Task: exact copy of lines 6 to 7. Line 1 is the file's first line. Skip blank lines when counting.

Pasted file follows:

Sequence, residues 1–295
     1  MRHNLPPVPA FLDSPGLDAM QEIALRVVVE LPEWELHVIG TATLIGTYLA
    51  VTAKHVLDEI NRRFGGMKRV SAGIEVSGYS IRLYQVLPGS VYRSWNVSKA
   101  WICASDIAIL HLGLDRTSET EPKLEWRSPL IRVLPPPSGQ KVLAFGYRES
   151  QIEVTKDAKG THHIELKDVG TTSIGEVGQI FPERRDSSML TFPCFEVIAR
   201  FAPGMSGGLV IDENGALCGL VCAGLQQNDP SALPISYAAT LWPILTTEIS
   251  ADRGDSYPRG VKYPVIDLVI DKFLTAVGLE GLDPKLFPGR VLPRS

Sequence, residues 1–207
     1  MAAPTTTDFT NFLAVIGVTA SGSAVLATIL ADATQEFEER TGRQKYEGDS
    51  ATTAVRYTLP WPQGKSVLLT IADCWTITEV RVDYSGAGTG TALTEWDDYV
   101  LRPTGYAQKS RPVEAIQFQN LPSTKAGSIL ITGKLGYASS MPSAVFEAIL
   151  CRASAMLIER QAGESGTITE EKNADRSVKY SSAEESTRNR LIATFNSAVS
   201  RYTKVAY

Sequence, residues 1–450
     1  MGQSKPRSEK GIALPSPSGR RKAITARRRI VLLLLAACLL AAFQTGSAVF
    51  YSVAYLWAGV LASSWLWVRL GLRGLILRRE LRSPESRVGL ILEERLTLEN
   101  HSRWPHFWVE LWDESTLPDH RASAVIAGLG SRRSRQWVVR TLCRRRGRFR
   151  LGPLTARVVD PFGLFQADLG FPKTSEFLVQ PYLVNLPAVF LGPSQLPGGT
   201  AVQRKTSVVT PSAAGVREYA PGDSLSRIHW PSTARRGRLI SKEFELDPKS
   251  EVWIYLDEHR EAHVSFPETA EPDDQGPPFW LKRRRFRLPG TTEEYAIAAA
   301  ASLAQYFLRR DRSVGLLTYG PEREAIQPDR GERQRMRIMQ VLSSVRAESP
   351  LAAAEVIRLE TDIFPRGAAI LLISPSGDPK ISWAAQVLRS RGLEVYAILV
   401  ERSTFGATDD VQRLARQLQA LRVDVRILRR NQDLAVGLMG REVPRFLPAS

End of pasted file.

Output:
   201  FAPGMSGGLV IDENGALCGL VCAGLQQNDP SALPISYAAT LWPILTTEIS
   251  ADRGDSYPRG VKYPVIDLVI DKFLTAVGLE GLDPKLFPGR VLPRS